Mechanism of Action Magnifier – 2016 Desk Reference
Dabrafenib plus Trametinib: Two Kinase Inhibitors Used in Combination to Target Different Parts of the MAPK Pathway
The MAPK pathway is constitutively activated in the majority of melanomas as a result of molecular alterations in genes encoding key components of the pathway (eg, BRAF and NRAS mutations) or upstream cell surface receptors (eg, KIT), resulting in uncontrolled tumor proliferation and survival (Figure 1).1 Among patients with metastatic melanoma, approximately 50% have a BRAF mutation, in which overexpressed BRAF and MEK proteins disrupt the normal regulation of cell growth and death, leading to increased cancer cell production and survival.2-4 The most commonly observed BRAF mutations, BRAF V600E and BRAF V600K, account for approximately 75% to 85% and 10% to 30% of all BRAF mutations in metastatic melanoma, respectively.5,6
Some mutations in the BRAF gene, including those that result in BRAF V600E, can result in constitutively activated BRAF kinases that may stimulate tumor cell growth.7 Dabrafenib inhibits BRAF V600 mutation–positive melanoma cell growth in vitro and in vivo.7 Dabrafenib was approved by the FDA in 2013 as a single agent for the treatment of BRAF V600E mutation–positive unresectable or metastatic melanoma.
Trametinib is a reversible inhibitor of MEK1 and MEK2 activation and of MEK1 and MEK2 kinase activity.8 MEK proteins are upstream regulators of the ERK pathway, which promotes cellular proliferation. BRAF V600E mutations result in constitutive activation of the BRAF pathway, which includes MEK1 and MEK2.9 Trametinib inhibits BRAF V600 mutation–positive melanoma cell growth in vitro and in vivo.9 Trametinib was approved by the FDA in 2013 as a single agent for the treatment of BRAF V600E or BRAF V600K mutation–positive unresectable or metastatic melanoma.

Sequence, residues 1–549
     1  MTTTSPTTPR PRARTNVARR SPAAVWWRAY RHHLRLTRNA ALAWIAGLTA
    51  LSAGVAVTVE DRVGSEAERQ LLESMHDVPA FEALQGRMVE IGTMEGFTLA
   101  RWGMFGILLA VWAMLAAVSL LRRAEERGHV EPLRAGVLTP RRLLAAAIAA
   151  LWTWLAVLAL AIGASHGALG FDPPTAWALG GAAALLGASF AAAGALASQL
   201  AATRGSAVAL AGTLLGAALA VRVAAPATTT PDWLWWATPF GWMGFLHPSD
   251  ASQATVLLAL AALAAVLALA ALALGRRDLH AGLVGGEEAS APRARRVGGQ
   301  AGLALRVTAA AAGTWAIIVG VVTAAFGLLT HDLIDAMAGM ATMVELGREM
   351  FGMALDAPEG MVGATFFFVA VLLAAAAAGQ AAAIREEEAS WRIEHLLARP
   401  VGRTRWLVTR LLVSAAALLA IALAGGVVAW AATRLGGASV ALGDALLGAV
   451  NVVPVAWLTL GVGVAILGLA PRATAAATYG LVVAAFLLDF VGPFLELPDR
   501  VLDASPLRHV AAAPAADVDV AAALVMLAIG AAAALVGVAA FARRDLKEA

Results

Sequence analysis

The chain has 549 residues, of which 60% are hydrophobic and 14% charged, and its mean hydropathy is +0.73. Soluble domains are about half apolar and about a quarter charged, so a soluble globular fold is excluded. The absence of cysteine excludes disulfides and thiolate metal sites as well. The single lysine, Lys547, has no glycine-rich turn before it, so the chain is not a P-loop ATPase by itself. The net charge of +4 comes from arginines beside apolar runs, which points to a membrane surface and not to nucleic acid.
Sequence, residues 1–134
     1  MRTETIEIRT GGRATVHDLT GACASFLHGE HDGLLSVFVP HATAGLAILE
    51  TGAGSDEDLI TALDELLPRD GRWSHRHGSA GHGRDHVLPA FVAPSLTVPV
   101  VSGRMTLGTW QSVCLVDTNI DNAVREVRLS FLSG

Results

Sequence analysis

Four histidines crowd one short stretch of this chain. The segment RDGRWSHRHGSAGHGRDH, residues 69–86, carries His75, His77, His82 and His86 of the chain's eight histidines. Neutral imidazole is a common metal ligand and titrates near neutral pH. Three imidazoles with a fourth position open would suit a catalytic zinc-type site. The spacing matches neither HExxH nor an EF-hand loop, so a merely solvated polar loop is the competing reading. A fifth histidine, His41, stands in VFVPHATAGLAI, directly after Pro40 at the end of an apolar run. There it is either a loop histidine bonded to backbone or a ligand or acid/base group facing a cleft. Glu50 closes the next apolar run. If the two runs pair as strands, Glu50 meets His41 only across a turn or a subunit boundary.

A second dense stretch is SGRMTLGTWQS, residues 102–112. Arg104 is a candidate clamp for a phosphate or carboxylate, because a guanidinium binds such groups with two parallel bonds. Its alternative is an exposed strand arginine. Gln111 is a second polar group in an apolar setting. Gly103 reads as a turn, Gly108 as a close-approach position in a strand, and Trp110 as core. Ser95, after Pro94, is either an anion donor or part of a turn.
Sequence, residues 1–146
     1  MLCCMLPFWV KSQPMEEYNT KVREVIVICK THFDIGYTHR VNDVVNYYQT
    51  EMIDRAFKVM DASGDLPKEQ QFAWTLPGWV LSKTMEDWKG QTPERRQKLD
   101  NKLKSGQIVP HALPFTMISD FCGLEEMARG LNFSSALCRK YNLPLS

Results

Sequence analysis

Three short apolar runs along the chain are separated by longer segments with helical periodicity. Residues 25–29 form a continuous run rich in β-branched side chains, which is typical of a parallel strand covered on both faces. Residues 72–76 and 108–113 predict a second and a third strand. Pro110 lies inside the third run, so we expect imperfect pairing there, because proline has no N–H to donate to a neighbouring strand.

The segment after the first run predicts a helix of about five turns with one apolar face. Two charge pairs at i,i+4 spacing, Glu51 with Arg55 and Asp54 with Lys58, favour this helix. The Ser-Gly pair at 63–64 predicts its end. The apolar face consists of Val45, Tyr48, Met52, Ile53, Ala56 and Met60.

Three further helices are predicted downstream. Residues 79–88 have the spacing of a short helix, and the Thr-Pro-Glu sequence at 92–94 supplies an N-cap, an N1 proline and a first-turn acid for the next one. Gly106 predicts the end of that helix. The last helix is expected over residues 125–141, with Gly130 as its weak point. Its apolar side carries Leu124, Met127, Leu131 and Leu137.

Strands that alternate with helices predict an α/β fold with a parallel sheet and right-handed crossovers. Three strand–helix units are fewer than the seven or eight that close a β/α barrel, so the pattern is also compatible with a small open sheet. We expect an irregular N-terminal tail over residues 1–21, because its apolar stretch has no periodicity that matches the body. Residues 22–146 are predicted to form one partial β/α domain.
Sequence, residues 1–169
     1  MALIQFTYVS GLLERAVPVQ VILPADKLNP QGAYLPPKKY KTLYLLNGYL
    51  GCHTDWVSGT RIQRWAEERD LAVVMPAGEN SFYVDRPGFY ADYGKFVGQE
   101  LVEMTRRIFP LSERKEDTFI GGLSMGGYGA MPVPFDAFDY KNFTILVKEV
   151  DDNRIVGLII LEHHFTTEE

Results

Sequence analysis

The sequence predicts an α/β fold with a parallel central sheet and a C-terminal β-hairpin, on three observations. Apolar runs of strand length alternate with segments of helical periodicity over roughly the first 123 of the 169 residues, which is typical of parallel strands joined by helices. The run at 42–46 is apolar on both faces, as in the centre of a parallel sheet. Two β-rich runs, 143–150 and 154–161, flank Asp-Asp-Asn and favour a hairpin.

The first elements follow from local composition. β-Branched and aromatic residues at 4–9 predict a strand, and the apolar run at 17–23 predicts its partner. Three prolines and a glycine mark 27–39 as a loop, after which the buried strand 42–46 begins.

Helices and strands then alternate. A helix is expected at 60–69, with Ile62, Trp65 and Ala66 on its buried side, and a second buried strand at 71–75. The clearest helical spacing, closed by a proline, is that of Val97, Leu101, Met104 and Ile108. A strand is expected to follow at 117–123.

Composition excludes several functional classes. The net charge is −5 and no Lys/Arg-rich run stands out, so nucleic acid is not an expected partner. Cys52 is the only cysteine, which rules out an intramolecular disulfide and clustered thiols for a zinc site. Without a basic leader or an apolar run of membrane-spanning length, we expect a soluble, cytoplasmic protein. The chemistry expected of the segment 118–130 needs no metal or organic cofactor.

Combination of Dabrafenib and Trametinib
Compared with chemotherapy, targeted inhibition of the MAPK pathway with the BRAF inhibitor dabrafenib improves the progression-free survival (PFS) and overall survival (OS) of patients who have metastatic melanoma with BRAF V600 mutations.2 However, acquired resistance to BRAF inhibitor monotherapy frequently develops through reactivation of the MAPK pathway, resulting in a median PFS of 6 to 8 months.2,10 In addition, the use of BRAF inhibitor monotherapy may result in the development of secondary skin tumors, originating from a paradoxical activation of the MAPK pathway in cells without a BRAF mutation.11 Single-agent trametinib, compared with chemotherapy, improves the OS of patients with BRAF V600 mutation–positive metastatic melanoma and is not associated with paradoxical activation.12 Combining the BRAF inhibitor dabrafenib with the MEK inhibitor trametinib (Figure 2) addresses the limitations of single-agent BRAF inhibitors and results in a significant delay in the emergence of resistance, with a longer median PFS than with dabrafenib alone, as well as a decreased incidence of BRAF inhibitor–induced skin tumors.13,14
The FDA granted accelerated approval to trametinib and dabrafenib for use in combination in the treatment of patients with unresectable or metastatic melanoma with a BRAF V600E or BRAF V600K mutation as detected by an FDA-approved test.15 Approval of the combination therapy was based on the demonstration of durable objective responses in a multicenter, open-label, randomized, active-controlled, phase 1/2 study of 162 patients with histologically confirmed stage IIIC or IV melanoma harboring a BRAF V600E or BRAF V600K mutation who had not previously received BRAF or MEK inhibitors.15 Results from this study showed objective response rates and response duration were 76% (95% CI, 62-87) and 10.5 months (95% CI, 7-15), respectively, in the group of patients receiving trametinib-dabrafenib combination therapy and 54% (95% CI, 40-67) and 5.6 months (95% CI, 5-7), respectively, in the group of patients who received single-agent dabrafenib.15 The incidence of cutaneous squamous cell carcinoma (including squamous cell carcinomas of the skin and keratoacanthomas) was 7% (95% CI, 2-18) in the trametinib-dabrafenib combination arm compared with 19% (95% CI, 9-32) in the single-agent dabrafenib arm.15 The most frequent adverse reactions (≥20% incidence) from trametinib in combination with dabrafenib were pyrexia, chills, fatigue, rash, nausea, vomiting, diarrhea, abdominal pain, peripheral edema, cough, headache, arthralgia, night sweats, decreased appetite, constipation, and myalgia. The most frequent grade 3/4 adverse events (≥5% incidence) were acute renal failure, pyrexia, hemorrhage, and back pain.15 Serious adverse drug reactions occurring in patients taking trametinib in combination with dabrafenib were hemorrhage, venous thromboembolism, new primary malignancy, serious febrile reactions, cardiomyopathy, serious skin toxicity, and eye disorders such as retinal pigmented epithelial detachments.15